This summer's tour culminated with two weeks in Vermont, for my second appearance at the Bookstock literary festival (along with some of my heros: Ocean Vuong, Carolyn Forché, Ilya Kaminsky, Vievee Francis & Matthew Olzmann, among others) and a reading at the Lamp Shop in Burlington. It was a fitting way to end the worldwind 3 months which took me and my girlfriend, Skye Jackson, through the Southwest of the U.S. and then all the way to Paris and back; Burlington is where I came of age. I had grown up in between a donkey farm and a cow pasture on Route 103 in Rutland County, and by the time I turned 20, the irresistible gravity of the thriving Burlington art scene two hours north had pulled me in, plunging me into one of the most sincerely eccentric, relentlessly creative environments I've ever had the luck to witness.
Recently I came across the feature article I wrote for the Burlington Free Press's cover story about that Old North End scene, while I was artist-in-residence at the BCA Center in 2012, after five years of saturation in Burlington's hedonistic beauty. Re-reading it after so much time has passed has given me some intense nostalgia, both for the O.N.E. and for my first prose byline—since the Freeps isn't hosting older content any longer, I'm posting it here in its entirety, along with a few photos by Maddie McGarvey (even that name is a testament to the astonishing level of talent concentrated in a such a tiny city - within a couple years she'd be one of Magnum Photo's 30 Under 30, and shooting for the NYT and TIME).
“Do You Want a Zucchini?”
by Benjamin Aleshire
(First published in the Burlington Free Press, Dec. 16, 2012)
Recently I was bicycling down North Winooski Avenue, that one-way street which is like a small river, collecting tributaries from around the north side of Burlington, channeling them and depositing them elsewhere along its path. Along the way, I passed a mustachioed painter on a children’s bike, riding the wrong way in the opposite direction, with no brakes—something I still can’t manage to ignore the symbolism of. He was riding one handed, holding a gallon jar of coffee, and in the few seconds we were in earshot, he blurted out an invitation to a barbecue later that night. I showed up on Decatur Street around dinner time; there was no sign of a barbecue, but I did find a few bearded men railing on an old hand-cranked apple cider press, in the darkness, while an acrobat twirled languorously on silks strung up to the ceiling of the garage.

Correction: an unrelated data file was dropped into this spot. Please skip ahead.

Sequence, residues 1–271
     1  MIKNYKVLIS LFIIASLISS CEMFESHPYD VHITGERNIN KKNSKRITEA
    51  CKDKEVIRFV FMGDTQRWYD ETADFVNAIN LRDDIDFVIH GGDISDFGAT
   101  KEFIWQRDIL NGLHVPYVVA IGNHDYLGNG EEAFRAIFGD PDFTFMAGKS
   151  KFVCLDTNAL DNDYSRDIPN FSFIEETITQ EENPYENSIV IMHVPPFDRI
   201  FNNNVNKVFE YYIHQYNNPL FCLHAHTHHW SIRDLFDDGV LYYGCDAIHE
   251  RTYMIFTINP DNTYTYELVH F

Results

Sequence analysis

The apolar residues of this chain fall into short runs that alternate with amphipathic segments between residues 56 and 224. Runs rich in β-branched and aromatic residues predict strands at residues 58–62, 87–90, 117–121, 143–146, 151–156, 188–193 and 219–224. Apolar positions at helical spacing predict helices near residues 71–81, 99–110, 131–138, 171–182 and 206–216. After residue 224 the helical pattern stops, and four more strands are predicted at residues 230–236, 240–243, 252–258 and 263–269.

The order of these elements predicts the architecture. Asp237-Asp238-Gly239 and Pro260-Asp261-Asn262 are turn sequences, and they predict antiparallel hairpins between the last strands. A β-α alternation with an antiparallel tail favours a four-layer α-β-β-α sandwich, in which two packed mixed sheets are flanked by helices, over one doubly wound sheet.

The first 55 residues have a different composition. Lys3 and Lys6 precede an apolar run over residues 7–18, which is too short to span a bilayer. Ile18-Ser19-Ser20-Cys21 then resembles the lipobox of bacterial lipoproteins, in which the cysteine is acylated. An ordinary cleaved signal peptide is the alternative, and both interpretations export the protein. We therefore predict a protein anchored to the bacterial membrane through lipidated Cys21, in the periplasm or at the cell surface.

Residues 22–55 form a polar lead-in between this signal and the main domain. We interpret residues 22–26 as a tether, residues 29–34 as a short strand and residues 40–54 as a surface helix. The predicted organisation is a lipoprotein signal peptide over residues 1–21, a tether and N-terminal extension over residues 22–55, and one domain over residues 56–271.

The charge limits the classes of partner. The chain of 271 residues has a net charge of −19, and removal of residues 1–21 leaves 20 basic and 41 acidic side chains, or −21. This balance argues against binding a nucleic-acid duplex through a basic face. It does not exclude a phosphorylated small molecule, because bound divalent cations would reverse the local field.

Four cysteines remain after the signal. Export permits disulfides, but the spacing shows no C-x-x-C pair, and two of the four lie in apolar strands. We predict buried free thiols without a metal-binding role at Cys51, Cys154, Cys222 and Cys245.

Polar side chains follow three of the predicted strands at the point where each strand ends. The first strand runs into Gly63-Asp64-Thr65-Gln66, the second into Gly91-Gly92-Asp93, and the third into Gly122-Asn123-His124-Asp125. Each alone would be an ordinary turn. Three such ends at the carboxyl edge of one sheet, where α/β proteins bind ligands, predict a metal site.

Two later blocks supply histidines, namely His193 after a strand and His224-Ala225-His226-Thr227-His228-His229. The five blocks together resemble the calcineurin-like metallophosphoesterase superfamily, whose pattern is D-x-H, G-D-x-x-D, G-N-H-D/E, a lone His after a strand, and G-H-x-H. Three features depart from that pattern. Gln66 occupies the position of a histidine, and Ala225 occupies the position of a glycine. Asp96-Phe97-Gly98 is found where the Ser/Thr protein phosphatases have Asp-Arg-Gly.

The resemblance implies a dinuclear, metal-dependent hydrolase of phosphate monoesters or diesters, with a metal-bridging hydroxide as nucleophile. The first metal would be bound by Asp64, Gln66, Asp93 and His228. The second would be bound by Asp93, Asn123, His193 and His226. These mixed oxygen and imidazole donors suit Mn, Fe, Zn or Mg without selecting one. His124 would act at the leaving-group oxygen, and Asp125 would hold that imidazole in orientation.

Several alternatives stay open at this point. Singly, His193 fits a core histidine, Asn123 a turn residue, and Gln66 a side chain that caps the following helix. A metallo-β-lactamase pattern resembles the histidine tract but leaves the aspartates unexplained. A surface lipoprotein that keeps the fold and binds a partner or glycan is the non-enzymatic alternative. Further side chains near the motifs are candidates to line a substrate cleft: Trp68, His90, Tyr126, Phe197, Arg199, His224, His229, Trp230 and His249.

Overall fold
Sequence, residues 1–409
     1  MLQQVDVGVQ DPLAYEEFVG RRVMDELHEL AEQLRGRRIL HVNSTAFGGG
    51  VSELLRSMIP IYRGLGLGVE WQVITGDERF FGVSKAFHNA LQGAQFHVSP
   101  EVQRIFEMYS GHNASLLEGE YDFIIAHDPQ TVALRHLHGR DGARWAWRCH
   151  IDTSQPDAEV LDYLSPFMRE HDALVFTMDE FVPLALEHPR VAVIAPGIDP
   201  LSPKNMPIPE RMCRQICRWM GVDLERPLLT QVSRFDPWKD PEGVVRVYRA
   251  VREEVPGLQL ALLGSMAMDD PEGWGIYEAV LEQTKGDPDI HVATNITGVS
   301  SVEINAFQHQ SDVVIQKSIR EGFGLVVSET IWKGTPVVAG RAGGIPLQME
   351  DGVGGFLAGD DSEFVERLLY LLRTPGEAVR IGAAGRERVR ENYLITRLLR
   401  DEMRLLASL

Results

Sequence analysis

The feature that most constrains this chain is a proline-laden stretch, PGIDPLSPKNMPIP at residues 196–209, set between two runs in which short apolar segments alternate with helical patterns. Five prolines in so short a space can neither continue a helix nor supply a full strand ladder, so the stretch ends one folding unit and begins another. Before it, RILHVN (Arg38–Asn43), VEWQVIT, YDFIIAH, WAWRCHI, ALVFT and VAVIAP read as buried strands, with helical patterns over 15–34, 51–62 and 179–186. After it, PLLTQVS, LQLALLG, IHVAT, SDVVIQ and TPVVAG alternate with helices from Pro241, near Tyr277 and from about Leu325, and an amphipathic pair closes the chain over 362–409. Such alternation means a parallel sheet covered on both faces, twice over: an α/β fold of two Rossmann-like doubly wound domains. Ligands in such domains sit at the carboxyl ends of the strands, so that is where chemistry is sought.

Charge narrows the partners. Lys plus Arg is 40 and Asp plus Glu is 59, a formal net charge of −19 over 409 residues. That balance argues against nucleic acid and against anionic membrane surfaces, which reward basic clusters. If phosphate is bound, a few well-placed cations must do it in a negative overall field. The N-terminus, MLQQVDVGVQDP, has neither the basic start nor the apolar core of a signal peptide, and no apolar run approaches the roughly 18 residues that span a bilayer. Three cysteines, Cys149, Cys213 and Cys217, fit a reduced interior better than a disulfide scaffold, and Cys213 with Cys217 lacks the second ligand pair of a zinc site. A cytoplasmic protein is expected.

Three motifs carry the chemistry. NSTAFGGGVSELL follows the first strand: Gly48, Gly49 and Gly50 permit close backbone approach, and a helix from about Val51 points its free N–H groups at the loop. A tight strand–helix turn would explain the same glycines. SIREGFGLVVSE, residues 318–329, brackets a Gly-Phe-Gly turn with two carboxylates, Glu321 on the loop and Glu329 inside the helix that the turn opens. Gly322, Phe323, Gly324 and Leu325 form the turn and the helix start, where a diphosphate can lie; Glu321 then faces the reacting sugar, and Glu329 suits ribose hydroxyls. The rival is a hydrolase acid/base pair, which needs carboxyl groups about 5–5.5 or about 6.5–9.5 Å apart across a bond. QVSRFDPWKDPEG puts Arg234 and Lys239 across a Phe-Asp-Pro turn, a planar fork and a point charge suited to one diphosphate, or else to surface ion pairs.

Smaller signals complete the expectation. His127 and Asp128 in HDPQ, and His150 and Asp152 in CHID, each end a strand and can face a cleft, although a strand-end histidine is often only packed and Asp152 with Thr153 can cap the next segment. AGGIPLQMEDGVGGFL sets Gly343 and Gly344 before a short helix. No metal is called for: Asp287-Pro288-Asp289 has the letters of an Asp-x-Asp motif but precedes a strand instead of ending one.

Welcome to the Old North End of Burlington, a neighborhood usually described as diverse (which means people of color live here), gritty (which means low-income, working class people live here) and creative (which means artists, farmers, and activists live here, in addition to the bright college students who have gotten tired of paying $1000 a month to split a dorm room at UVM). That’s a pretty broad generalization, of course, but perhaps a bit more direct than what you might usually encounter. To diverse, gritty and creative, I would venture to add eccentric. For example, when the Free Press sent a photographer to my apartment on Pearl Street, we could see, through the neighbors’ window, a beautiful girl in a bag-lady coat, playing ancient Turkish music on an accordion, while my neighbor waltzed around the kitchen in a plaid suit with his cat.